The notorious Android banking trojan known as SharkBot has once again made an appearance on the Google Play Store by masquerading as antivirus and cleaner apps.
“This new dropper doesn’t rely on Accessibility permissions to automatically perform the installation of the dropper Sharkbot malware,” NCC Group’s Fox-IT said in a report. “Instead, this new version asks the victim to install the malware as a fake update for the antivirus to stay protected against threats.”
The apps in question, Mister Phone Cleaner and Kylhavy Mobile Security, have over 60,000 installations between them and are designed to target users in Spain, Australia, Poland, Germany, the U.S., and Austria –
- Mister Phone Cleaner (com.mbkristine8.cleanmaster, 50,000+ downloads)
- Kylhavy Mobile Security (com.kylhavy.antivirus, 10,000+ downloads)
The droppers are designed to drop a new version of SharkBot, dubbed V2 by Dutch security firm ThreatFabric, which features an updated command-and-control (C2) communication mechanism, a domain generation algorithm (DGA), and a fully refactored codebase.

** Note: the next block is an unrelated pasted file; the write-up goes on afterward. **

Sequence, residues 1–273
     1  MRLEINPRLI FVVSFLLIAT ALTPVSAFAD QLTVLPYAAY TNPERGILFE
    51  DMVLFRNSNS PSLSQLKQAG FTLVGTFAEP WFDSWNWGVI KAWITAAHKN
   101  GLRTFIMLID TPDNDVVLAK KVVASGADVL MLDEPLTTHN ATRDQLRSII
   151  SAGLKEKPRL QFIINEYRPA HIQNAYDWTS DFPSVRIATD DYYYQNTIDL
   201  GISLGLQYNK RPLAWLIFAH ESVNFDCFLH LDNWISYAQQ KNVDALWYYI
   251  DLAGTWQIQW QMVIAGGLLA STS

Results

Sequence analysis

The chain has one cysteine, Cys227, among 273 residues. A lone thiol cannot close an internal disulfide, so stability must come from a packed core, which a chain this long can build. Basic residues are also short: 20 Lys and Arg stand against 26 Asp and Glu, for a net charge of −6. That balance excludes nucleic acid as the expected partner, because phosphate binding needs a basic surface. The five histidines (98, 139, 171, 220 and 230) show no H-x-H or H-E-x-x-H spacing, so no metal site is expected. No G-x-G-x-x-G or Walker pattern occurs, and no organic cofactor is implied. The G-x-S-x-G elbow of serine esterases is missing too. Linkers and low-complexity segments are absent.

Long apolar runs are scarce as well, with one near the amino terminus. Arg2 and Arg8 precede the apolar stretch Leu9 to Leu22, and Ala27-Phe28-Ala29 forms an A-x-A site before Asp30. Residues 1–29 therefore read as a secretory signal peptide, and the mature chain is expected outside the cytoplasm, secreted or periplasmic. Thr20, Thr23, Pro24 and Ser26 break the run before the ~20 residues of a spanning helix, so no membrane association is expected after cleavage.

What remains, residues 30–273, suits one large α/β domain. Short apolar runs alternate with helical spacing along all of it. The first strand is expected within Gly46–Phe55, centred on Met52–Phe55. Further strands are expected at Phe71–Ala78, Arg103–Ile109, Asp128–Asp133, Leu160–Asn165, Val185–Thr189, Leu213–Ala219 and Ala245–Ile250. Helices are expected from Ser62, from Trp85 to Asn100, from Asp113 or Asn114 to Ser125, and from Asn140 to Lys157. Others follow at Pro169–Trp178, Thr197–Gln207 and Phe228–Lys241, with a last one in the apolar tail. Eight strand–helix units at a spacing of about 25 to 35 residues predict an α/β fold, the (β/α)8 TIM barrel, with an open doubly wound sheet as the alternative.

Fox-IT said it discovered a newer version 2.25 on August 22, 2022, that introduces a function to siphon cookies when victims log in to their bank accounts, while also removing the ability to automatically reply to incoming messages with links to the malware for propagation.
By eschewing the Accessibility permissions for installing SharkBot, the development highlights that the operators are actively tweaking their techniques to avoid detection, not to mention find alternative methods in the face of Google’s newly imposed restrictions to curtail the abuse of the APIs.
Other notable information stealing capabilities include injecting fake overlays to harvest bank account credentials, logging keystrokes, intercepting SMS messages, and carrying out fraudulent fund transfers using the Automated Transfer System (ATS).
It’s no surprise that malware poses an evolving and omnipresent threat, and despite continued efforts on the part of Apple and Google, app stores are vulnerable to unknowingly being abused for distribution, with the developers of these apps trying every trick in the book to dodge security checks.
“Until now, SharkBot’s developers seem to have been focusing on the dropper in order to keep using Google Play Store to distribute their malware in the latest campaigns,” researchers Alberto Segura and Mike Stokkel said.
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